It is not surprising the 9th Circuit Court of Appeals headquartered in San Francisco this month upheld the ruling that reinstated Endangered Species Act protection for the Yellowstone grizzly bear population.

Not surprising, but the wrong decision nonetheless.

Reaffirming the Montana District Court’s opinion that the decision to delist the grizzly was not made purely on a scientific basis, the Circuit Court of Appeals also overlooked some scientific evidence themselves.

One major item both courts neglected to notice was the grizzly bear population has exploded from an estimated 136 bears in 1975 to more than 700 by today’s estimate. That is a five-fold increase.

In addition, the grizzly bears’ range has more than doubled since the mid-1970s and now occupies more than 22,500 square miles.

The U.S. Fish and Wildlife Service removed the grizzly from the federal endangered and threatened species protection based on, among other reasons, “Stable population numbers for grizzly bears for more than a decade also indicate that the GYE is at or near its carrying capacity for the bears.”

Sen. John Barrasso (R-Wyo.) pointed out the obvious. “The court is flat wrong. The grizzly bear is fully recovered in Wyoming. That’s a fact.”

We anticipate Wyoming, Idaho, Montana and others who opposed the decision by both courts may appeal to the U.S. Supreme Court. We hope they do.

Almost everyone in the Greater Yellowstone Ecosystem appreciates the intrinsic value of residing in the presence of grizzlies.

But enough is enough.

It’s time to let the U.S. Fish and Wildlife Service and the states surrounding Yellowstone have control of the grizzly.

 

(3) comments

Glenn Graham

1) The Grizzly population in the GYE has been static for 20 years. Not growing.

2) The population is spread further out because its food sources have been hugely reduced.

3) The Endangered Species Act States that the grizzly need to be recovered in each of the areas it barely populates. Not just (arguably) recovered in one of them - GYE. USFWS has done nothing to enable that.

That's the science and the law. What is your reason for wanting the grizzly to be delisted? Hopefully not just something emotion-based and non-scientific.

Justine

"One major item both courts neglected to notice was the grizzly bear population has exploded from an estimated 136 bears in 1975 to more than 700 by today’s estimate. That is a five-fold increase."

Exploded? That "explosion" took 45 years to just increase our population to 700 in over 22 million acres. And it took a lot of hard work along with protections. In the 1980s, biologists still felt grizzlies might go extinct here. Grizzly reproduction is extremely slow, beginning at 5-6 years with their cubs staying with them for 2-3 years. In the first ten years of a female's life, with some luck, she will only replace herself. Grizzlies are still not connected to the NCDE, a vital component that will ensure their continued survival in our ecosystem. That was the crux of the lawsuit. That was what was promised by the USF&W when the bear was listed in 1975. The government just needs to finish what they started and the bears can be delisted with their future in the GYE ensured.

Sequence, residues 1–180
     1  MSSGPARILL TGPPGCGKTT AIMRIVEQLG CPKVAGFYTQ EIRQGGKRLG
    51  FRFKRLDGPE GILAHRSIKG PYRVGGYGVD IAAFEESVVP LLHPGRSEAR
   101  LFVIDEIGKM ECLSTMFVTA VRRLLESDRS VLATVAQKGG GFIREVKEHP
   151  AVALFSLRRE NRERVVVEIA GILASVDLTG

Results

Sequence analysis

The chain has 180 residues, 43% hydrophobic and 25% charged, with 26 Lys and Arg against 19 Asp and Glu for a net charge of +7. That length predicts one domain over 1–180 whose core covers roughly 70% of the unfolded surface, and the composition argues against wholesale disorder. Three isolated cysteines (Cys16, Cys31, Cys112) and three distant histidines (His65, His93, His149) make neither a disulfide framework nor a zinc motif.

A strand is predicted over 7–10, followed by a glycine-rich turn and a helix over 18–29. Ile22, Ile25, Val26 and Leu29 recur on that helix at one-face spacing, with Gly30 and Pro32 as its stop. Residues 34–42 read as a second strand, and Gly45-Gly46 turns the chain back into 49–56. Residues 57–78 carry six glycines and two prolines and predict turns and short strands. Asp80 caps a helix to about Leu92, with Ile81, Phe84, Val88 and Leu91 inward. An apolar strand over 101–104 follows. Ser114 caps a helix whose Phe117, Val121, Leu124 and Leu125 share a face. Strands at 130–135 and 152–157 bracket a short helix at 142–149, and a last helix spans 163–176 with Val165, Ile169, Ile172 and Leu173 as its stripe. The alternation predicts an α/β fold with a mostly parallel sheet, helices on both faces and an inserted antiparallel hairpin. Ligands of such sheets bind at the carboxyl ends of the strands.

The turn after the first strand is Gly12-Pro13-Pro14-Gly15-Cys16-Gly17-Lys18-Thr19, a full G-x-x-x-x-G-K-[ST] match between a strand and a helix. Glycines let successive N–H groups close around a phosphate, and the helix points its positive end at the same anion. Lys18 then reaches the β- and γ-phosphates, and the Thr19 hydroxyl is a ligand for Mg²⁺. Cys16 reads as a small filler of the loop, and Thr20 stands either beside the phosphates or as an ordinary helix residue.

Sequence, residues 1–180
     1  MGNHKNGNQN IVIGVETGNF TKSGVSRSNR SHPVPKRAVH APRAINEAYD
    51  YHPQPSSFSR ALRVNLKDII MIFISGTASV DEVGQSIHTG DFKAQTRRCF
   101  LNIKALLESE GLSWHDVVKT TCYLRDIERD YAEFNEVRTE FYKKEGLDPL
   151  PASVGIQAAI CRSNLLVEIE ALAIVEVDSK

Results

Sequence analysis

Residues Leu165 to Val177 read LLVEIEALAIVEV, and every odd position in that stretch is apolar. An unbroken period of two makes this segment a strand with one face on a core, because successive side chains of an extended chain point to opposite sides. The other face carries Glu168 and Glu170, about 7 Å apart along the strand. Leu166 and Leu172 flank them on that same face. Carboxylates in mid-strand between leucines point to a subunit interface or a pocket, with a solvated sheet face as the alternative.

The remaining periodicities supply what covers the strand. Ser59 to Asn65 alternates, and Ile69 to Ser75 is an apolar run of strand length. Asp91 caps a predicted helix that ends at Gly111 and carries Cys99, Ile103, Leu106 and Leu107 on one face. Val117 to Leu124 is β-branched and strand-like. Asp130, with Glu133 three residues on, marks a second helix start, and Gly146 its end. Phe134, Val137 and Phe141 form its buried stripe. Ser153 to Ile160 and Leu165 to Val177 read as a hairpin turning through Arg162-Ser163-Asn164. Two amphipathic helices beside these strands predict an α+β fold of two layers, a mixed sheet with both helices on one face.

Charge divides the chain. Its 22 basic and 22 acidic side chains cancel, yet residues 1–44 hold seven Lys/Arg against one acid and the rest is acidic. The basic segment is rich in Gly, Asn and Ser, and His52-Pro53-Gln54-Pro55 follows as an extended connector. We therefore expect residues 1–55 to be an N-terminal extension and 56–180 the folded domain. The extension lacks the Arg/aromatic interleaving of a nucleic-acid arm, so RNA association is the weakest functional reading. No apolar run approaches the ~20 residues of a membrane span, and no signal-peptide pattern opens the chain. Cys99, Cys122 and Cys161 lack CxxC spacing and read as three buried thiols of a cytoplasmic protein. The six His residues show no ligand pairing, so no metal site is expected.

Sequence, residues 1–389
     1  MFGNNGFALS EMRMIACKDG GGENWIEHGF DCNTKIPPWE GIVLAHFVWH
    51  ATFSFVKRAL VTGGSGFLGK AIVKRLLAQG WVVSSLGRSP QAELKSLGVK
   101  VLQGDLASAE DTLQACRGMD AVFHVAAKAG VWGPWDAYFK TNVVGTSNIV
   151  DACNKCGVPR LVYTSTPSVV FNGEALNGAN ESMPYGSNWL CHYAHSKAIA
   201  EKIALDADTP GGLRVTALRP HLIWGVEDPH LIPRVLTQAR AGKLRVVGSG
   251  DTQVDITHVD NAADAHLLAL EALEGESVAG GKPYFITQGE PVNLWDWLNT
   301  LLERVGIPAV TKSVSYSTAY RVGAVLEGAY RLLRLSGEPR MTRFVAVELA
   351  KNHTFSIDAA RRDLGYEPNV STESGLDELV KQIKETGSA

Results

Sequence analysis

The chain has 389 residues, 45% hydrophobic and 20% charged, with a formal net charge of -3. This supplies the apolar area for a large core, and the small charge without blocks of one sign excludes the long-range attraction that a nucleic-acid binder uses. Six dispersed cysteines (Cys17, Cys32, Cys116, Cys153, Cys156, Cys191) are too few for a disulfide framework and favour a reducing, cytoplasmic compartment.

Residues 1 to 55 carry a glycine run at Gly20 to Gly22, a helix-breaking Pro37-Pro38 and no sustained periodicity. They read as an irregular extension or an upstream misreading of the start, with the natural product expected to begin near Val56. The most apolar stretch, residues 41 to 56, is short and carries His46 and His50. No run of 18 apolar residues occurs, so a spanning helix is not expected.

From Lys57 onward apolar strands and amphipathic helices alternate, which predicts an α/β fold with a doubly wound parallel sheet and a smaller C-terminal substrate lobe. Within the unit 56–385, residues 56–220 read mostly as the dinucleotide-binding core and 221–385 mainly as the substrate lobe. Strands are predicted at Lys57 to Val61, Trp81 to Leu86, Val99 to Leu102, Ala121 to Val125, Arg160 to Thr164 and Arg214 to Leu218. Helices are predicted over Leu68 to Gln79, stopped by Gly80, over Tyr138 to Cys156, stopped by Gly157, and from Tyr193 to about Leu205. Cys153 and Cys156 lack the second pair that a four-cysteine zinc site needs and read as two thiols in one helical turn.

DeweyV

Another load of ignorance and demagoguery being expressed here. The author has no comprehension of genuine wildlife conservation , landscape scale ecology , endangered species recovery , the Endangered Species act proper, the difference between habitat and political subdivisions, history , the naturalist imperative, and a great many other things. Besides not appearing to know that the US Fish and Wildlife agency and Wyoming Game and Fish are not legally married bedfellows. They may sleep topgether on occasion , but don;t make too much of that. Wyoming never really had a strong states' rights claim to managing the grizzly because it failed to acknowledge the bear's habitat extends across several state boundaries and must be considered as all one domain. Wyoming cannot carve out some number of bears and manage as they see fit. It's really not even about numbers... it's the habitat, stupid. Forget about trophy hunting. Wyoming is a long ways from being let off probation for that nonsense.

Until Wyoming learns it has to provide healthy bears to suitable but currently empty grizzly habitat in four other states before it can even think about managing bears inside Wyoming by human bookkepping rules, it will remain in the doghouse and the courtroom . QED.

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